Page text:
(HealthDay News) – High-dose (≥800 IU daily) vitamin D supplementation is associated with a decreased risk of hip fracture and non-vertebral fractures among older adults, according to a study published in the July 5 issue of the New England Journal of Medicine.
Heike A. Bischoff-Ferrari, MD, Dr.P.H., from the University of Zurich, and colleagues pooled participant-level data from participants (aged 65 years of age or older) from 11 double-blind, randomized, controlled trials of oral vitamin D supplementation (daily, weekly, or every 4 months), with or without calcium.
The researchers found that among 31,022 persons (mean age, 76 years; 91% women) there were 1,111 incident hip fractures and 3,770 non-vertebral fractures. Compared with control groups, participants who were randomly assigned to receive vitamin D had a non-significant decrease in the risk of hip fracture (hazard ratio [HR], 0.90; 95% confidence interval [CI], 0.80 to 1.01) and a significant decrease in the risk of non-vertebral fracture (HR, 0.93; 95% CI, 0.87 to 0.99). The reduction in the risk of fracture was seen for the highest intake quartile (median, 800 IU daily) (HR, 0.70 and 0.86 for hip fracture and non-vertebral fracture, respectively). The benefits seen at the highest level of vitamin D intake were consistent across subgroups defined by type of dwelling, age group, baseline 25-hydroxyvitamin D level, and additional intake of calcium.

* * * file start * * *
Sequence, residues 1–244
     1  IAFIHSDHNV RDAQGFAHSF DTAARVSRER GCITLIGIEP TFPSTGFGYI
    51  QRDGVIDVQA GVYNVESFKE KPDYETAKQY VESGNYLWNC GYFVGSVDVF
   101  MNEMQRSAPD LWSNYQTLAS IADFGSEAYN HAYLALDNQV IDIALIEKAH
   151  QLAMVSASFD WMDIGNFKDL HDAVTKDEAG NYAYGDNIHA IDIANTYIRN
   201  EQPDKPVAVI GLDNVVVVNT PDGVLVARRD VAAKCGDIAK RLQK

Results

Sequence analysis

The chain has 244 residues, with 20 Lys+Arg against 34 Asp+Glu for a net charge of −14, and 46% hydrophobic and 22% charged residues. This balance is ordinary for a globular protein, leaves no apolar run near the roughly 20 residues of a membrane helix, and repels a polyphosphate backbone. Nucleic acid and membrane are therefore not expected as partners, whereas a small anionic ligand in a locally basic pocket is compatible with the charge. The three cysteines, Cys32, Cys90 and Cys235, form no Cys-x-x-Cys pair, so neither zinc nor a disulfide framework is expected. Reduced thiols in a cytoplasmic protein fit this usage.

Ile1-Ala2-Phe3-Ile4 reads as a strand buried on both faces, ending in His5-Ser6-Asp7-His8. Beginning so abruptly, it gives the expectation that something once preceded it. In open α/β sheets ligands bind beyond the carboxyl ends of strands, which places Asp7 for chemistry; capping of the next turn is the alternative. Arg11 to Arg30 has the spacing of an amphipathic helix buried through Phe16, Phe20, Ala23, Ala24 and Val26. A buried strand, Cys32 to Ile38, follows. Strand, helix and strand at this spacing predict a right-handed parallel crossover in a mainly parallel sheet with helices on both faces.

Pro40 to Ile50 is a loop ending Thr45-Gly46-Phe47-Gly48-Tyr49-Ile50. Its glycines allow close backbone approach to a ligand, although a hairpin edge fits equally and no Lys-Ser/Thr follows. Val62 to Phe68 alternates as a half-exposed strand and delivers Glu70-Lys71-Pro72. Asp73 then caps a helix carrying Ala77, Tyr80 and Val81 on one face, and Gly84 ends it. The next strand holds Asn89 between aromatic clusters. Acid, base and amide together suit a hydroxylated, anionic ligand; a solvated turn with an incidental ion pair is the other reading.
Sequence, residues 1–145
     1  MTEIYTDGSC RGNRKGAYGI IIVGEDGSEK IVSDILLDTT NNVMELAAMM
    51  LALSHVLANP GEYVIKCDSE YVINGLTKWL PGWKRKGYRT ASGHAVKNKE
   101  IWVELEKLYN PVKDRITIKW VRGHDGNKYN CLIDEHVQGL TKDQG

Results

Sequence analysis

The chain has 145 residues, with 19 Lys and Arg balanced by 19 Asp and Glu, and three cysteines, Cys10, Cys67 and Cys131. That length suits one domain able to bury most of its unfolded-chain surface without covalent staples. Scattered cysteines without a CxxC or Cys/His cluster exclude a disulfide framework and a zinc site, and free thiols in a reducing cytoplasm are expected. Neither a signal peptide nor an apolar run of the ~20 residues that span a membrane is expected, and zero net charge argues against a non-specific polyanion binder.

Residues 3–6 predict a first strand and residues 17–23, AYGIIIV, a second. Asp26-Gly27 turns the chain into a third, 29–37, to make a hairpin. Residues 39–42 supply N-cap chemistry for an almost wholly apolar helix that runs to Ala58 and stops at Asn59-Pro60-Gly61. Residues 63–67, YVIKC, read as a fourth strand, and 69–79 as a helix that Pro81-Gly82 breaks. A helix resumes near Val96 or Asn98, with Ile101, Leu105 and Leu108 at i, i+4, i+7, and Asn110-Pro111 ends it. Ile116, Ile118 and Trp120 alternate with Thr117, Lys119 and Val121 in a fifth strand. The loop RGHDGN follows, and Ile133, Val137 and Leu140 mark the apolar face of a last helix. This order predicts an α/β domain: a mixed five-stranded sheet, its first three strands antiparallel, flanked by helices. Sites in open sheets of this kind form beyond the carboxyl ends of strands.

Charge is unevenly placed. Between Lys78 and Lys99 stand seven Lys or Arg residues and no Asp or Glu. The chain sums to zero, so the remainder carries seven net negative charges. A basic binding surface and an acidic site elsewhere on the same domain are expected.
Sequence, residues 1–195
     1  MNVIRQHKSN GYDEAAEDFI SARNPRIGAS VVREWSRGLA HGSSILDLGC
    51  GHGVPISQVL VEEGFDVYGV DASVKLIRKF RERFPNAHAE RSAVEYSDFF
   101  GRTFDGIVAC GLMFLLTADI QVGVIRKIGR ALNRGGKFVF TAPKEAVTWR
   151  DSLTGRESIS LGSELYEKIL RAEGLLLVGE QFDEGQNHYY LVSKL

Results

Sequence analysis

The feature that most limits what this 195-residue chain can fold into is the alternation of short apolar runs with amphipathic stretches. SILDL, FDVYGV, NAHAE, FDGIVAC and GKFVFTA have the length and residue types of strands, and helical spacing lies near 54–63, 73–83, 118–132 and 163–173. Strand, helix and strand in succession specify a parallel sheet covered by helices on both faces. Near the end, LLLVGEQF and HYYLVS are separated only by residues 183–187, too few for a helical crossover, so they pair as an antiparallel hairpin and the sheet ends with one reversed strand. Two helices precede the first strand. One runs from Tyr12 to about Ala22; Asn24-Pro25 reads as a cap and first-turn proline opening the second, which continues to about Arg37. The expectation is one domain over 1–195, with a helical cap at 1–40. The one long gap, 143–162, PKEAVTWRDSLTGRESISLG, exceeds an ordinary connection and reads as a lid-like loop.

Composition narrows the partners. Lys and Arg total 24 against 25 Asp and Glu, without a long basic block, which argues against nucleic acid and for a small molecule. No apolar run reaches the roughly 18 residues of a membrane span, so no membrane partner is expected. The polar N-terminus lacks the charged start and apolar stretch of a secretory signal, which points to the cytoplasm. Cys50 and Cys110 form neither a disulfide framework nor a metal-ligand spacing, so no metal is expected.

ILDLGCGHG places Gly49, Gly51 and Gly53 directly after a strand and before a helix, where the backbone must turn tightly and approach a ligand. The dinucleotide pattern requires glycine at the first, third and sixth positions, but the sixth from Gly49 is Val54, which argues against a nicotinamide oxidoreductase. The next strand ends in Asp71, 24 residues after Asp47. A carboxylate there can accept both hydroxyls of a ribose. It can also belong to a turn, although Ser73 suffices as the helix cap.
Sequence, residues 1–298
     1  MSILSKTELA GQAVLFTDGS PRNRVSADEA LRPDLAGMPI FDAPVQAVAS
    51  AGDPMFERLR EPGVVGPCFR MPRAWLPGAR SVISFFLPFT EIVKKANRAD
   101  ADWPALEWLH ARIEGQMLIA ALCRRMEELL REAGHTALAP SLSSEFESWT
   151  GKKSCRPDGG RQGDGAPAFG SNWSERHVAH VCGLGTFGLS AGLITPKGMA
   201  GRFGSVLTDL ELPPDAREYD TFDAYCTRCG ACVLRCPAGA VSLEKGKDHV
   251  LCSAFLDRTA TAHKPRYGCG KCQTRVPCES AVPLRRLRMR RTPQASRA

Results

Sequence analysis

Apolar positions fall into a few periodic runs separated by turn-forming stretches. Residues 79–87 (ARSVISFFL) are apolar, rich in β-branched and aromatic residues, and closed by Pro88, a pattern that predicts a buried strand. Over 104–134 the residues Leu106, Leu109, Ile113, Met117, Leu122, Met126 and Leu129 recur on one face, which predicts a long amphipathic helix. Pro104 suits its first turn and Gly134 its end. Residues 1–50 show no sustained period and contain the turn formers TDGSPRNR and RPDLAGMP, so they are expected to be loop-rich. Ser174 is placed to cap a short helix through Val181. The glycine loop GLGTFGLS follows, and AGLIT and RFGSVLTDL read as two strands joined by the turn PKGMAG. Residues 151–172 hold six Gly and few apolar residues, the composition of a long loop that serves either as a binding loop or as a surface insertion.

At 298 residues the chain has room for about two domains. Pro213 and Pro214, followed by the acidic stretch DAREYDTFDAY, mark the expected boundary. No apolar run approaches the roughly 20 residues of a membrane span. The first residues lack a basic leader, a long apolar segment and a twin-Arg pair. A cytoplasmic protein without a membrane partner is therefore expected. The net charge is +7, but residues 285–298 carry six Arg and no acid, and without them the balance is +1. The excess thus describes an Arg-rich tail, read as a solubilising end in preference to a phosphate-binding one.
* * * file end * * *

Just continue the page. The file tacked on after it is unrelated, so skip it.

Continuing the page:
“High-dose vitamin D supplementation (≥800 IU daily) was somewhat favorable in the prevention of hip fracture and any non-vertebral fracture in persons 65 years of age or older,” the authors write.
Several authors disclosed financial ties to the pharmaceutical industry.